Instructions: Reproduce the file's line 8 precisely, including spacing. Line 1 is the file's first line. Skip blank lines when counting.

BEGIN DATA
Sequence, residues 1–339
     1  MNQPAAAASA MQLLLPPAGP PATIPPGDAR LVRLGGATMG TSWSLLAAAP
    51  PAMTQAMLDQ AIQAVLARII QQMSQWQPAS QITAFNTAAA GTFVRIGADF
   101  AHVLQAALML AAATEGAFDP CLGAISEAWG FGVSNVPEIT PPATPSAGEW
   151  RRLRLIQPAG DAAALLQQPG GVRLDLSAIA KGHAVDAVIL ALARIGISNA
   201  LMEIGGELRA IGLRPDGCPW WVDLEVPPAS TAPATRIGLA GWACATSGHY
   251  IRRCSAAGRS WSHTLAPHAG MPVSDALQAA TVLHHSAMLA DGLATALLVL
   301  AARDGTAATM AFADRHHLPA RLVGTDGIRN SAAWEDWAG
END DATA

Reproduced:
   301  AARDGTAATM AFADRHHLPA RLVGTDGIRN SAAWEDWAG